binaries vs lists

Raimo Niskanen raimo@REDACTED
Wed Nov 12 10:13:01 CET 2003

About stack space vs heap space.

There is always room on the stack in Erlang, at least compared to the 
heap. They lie in the same memory block, grow towards each other, and 
when they collide the garbage collector gets them a larger memory block 
to grow in. So the only way to run out of stack or heap space is that 
the virtual machine runs out of memory. One single Erlang process can 
not run out of memory alone.

If you have a large stack, it might slow down the garbage collector. It 
it rarely a problem, but I think this is why:

When garbage collecting, the garbage collector takes a new clean memory 
block and copies all live data from the old one to the new. It finds all 
live data by starting from the root set, and the root set is chiefly the 
stack. The grabage collector scans the stack linearily and when it finds 
a term that is complex, i.e lies on the heap, it traverses the term and 
copies it over to the new heap. So, if there is much data on the stack 
that is not complex terms, for example integers and atoms, there is much 
of the stack that is scanned in vain - wasting time.

An old truth in the Erlang community is that you always should build a 
list reversed and then reverse it at the end - lists:reverse() is a BIF, 
it is fast.

Benchmarks I have made indicates that this truth is not quite as true 
nowdays. Building the list on the stack often wins. Use the solution 
that gives most readable code, and change if it becomes a problem. There 
are certainly extreme cases that are bad for any strategy.

Some warnings then.

Appending to a list is expensive. The whole list must be traversed to 
find the tail. If you do this in a tight loop it is absolutely better to 
build the list backwards and reverse at the end. You will go from 
quadratic time complexity down to linear.

Concatenating binaries is really expensive. To create the result binary 
all data must be copied. If you append data to a binary by concatenating 
it is absolutely better to build a list of bytes (it can also contain 
sublists or binaries to any depth) and do list_to_binary/1 at the end. 
This is also an improvement from quadratic to linear time complexity (at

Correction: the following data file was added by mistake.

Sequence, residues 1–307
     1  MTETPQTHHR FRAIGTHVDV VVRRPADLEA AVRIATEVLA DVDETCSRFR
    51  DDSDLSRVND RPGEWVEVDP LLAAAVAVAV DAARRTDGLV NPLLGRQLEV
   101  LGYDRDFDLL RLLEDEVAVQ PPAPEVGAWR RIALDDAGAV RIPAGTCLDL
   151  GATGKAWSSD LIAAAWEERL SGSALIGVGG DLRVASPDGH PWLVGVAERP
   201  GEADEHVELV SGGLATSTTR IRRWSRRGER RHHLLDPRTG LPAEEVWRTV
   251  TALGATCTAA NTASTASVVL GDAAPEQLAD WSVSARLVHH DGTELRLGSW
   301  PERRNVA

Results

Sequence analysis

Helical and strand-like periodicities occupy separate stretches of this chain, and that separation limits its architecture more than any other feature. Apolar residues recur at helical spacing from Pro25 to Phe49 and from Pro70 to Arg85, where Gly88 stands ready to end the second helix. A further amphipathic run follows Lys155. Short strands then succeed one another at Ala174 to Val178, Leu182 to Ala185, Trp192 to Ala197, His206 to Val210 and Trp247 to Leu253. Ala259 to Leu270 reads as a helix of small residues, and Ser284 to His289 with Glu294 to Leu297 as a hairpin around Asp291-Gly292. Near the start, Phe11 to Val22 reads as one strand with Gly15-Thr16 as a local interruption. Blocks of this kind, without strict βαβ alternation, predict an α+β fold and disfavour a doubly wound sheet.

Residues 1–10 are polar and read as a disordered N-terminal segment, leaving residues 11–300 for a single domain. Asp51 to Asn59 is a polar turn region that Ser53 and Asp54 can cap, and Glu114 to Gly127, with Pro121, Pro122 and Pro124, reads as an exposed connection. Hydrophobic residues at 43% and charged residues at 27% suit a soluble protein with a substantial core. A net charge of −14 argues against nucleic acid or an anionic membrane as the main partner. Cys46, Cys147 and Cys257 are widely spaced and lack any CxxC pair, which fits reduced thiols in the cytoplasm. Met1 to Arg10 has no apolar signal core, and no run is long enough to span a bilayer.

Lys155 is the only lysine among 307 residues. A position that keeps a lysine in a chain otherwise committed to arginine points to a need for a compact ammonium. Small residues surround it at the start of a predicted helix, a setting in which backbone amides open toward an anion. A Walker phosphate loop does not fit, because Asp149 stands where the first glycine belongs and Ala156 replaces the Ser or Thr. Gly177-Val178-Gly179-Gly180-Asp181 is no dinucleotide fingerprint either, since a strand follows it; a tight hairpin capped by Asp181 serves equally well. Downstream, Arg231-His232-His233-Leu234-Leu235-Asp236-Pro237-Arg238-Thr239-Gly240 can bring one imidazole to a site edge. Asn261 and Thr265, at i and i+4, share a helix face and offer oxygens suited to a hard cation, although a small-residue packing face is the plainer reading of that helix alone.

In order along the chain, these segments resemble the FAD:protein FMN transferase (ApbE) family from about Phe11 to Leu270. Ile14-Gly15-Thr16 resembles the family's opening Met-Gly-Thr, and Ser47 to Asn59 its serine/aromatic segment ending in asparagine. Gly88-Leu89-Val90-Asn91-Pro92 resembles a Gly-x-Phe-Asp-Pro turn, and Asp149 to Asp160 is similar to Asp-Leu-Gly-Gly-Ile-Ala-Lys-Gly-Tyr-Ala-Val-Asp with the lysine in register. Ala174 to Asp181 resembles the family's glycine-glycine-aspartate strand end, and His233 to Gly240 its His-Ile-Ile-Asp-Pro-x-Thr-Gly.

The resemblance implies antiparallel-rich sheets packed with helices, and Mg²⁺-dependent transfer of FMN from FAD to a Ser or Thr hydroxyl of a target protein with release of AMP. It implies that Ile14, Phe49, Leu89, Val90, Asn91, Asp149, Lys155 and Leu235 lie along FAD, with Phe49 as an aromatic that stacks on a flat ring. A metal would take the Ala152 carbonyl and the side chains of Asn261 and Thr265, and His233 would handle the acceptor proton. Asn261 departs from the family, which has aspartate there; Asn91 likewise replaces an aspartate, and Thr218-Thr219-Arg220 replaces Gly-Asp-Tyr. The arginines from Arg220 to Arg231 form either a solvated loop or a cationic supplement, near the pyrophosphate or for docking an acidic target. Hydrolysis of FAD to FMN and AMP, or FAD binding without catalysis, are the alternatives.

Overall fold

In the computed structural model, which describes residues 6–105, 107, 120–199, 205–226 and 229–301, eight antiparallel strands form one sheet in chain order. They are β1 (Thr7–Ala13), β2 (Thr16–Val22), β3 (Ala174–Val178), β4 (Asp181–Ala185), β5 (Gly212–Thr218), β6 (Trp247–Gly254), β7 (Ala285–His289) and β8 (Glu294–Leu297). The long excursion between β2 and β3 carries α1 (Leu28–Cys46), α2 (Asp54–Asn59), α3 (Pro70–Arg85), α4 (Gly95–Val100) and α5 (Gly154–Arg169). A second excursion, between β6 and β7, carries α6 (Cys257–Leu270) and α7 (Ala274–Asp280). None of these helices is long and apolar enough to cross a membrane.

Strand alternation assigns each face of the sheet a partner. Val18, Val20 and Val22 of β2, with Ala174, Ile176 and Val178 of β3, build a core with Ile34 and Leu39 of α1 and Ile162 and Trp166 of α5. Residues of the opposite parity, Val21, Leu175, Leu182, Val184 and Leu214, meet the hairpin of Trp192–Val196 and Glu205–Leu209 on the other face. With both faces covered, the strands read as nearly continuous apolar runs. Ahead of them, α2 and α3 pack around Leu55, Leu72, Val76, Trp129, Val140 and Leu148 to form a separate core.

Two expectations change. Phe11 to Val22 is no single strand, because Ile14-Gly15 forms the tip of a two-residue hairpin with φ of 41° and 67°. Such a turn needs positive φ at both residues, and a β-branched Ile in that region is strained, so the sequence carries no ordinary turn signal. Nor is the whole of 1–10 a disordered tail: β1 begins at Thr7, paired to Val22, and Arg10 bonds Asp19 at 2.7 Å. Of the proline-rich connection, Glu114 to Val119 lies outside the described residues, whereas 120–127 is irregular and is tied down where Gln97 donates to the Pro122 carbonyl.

/ Raimo Niskanen, Erlang/OTP, Ericsson AB

Bengt Kleberg wrote:
> Serge Aleynikov wrote:
>> Bengt Kleberg wrote:
>>> Serge Aleynikov wrote:
> ...deleted
>>>> I have an Erlang TCP client that processes a binary stream which 
>>>> needs to be post-processed by removing escaped bytes.  Let's say, 
>>>> that byte 16$FF is escaped as <<16#FE, 16$01>>, and the 16#FF value 
>>>> is used as a message separator.  The variable hex messages are 
>>>> within 512 bytes each.
>>> if i understood the 512 bytes statement correctly, it is ok to build 
>>> the list on the stack, thus avoiding lists:reverse/1 in solution 1.
>> Do I have a control over where the list is being built (heap/stack)?  
>> Or this is purely dependent on the list size?  If so, are you implying 
>> that I should append items at the end instead of doing it in front, 
>> and using lists:reverse/1 ?
> if you build a list in an accumulator this is (usually :-) done using 
> heap space:
> fn([], Acc) ->
>     lists:reverse(Acc);
> fn([H | T], Acc) ->
>     fn(T, [H | Acc]).
> if you build a list using 'cons' this is ''usually'' done using stack 
> space:
> fn([]) ->
>     [];
> fn([H | T]) ->
>     [H | fn(T)]).
> you can crash your process if it uses too much space. stack space is 
> usually smaller than heap space. however, in this case you seemed to say 
> that there was a maximum of 512 bytes to a list. which usually is 
> available on your stack.
> bengt

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